Hydrosol, also known as herbal distillate, is a byproduct or co-product of oil distillation. In our case, it is the water that is left over after distilling lavender to extract lavender essential oils. Wikipedia defines it as “colloidal suspensions of essential oils as well as water soluble components obtained by steam distillation or hydro distillation from plants/herbs” (Wikipedia contributors). So basically, when you use steam distillation for making lavender oil, the steam that carries the oils out of the lavender converts back to water as it cools and separates from the oil.
Courtsey of http://www.essentialoilco.com/hydrosols.htm
Once the oil has separated and is collected, what is left is lavender hydrosol or ‘essential water’ (not to be confused with ‘lavender water’), which contains small quantities of oil and other water-soluble plant flavonoids and pigments. It smells quite different than the oil, but is very aromatic. And this, of course, varies depending on the type of lavender that is being distilled. Hydrosols tend to be acidic and should be stored and handled with care. It is best to keep them in amber or dark colored glass containers, sealed tightly. Hydrosol should be stored in a cool, dry place. With proper storage, it can last up to several years.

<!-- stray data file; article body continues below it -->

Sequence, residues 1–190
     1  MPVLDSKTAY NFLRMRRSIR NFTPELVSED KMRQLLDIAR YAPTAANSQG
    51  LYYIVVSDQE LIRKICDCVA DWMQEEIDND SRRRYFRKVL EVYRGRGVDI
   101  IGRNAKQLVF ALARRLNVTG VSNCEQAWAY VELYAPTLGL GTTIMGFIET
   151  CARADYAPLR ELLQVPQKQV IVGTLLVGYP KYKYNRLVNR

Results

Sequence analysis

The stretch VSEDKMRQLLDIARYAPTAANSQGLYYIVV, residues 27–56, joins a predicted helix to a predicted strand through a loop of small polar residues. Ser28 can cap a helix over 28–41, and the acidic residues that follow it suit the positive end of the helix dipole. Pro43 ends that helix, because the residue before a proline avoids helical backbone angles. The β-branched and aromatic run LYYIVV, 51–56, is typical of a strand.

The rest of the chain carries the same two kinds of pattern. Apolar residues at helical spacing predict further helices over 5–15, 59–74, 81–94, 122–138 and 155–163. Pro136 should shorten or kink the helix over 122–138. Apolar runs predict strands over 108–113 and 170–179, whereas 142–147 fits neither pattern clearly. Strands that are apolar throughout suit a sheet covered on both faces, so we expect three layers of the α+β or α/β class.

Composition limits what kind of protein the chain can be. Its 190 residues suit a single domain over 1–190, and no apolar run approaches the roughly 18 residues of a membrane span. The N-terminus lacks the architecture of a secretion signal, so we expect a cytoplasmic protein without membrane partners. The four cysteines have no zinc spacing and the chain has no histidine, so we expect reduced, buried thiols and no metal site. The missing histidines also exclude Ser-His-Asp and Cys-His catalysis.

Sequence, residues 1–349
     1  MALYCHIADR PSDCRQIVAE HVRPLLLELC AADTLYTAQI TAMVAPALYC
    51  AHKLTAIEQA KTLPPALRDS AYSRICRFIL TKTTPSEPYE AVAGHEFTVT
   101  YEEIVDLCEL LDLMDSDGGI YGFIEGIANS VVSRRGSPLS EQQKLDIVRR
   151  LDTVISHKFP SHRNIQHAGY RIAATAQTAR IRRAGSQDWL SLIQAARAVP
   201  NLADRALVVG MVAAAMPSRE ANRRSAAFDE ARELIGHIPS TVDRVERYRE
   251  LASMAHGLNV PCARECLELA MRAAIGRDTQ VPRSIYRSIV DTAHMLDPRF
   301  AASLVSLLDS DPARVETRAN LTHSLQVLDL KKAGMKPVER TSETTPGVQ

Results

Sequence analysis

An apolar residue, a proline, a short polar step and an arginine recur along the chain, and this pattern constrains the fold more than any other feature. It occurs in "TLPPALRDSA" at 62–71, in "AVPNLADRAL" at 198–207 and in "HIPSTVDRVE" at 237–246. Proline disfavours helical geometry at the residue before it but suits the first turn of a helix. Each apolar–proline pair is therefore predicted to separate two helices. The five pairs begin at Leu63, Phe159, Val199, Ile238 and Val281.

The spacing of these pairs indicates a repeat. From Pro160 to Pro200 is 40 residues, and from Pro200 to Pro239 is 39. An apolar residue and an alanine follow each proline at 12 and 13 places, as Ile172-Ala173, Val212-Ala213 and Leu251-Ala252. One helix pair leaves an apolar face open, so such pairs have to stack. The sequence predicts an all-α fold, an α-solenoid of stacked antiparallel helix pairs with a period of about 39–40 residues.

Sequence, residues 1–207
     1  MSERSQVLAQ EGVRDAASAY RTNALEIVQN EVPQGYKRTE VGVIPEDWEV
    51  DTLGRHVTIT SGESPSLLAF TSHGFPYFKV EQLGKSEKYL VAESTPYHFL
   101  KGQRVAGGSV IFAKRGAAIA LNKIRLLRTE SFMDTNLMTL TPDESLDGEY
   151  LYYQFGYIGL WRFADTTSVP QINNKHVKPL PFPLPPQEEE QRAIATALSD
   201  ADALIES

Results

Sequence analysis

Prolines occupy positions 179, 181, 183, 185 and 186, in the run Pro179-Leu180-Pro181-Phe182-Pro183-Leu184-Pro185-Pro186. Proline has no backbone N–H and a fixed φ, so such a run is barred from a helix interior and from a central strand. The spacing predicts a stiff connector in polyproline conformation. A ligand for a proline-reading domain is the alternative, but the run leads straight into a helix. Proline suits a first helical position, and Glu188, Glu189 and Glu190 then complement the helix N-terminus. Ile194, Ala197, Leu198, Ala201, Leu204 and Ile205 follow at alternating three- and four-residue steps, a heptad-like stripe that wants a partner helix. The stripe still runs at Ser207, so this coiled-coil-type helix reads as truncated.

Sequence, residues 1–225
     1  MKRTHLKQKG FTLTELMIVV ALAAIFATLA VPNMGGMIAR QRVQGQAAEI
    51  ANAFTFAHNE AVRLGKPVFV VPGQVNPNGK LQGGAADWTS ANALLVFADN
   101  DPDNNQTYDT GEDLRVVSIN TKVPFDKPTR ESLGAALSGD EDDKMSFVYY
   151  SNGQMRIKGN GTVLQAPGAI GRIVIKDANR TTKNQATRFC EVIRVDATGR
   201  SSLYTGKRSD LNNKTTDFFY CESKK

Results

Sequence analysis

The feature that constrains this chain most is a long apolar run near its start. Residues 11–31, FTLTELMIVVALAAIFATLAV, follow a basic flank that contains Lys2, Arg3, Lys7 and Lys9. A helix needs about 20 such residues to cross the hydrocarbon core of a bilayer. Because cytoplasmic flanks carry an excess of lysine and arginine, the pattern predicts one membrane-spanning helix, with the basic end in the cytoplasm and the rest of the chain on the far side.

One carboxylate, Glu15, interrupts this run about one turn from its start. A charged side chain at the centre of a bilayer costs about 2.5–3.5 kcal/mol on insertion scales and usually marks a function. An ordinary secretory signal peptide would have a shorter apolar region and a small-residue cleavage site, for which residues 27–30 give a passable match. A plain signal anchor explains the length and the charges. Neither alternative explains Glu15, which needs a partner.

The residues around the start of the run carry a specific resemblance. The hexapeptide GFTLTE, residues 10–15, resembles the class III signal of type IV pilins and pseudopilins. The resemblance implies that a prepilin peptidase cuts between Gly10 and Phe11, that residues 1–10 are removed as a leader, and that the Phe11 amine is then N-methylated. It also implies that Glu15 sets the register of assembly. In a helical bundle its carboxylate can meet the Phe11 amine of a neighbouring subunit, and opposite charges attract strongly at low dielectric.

Our distillation process is explained at How to Distill Essential Oil where we explain our distillation process. However, once we have have our oil the question quickly arises, what do I do with Hydrosol? Below are some common uses for hydrosol, in particular lavender hydrosol. Please test hydrosols before use to avoid any irritation or staining of materials.
Courtsey of Seth Doyle
Courtsey of Dingzeyu Li
Courtesy of Jennifer Burk
Courtesy of Lubormirkin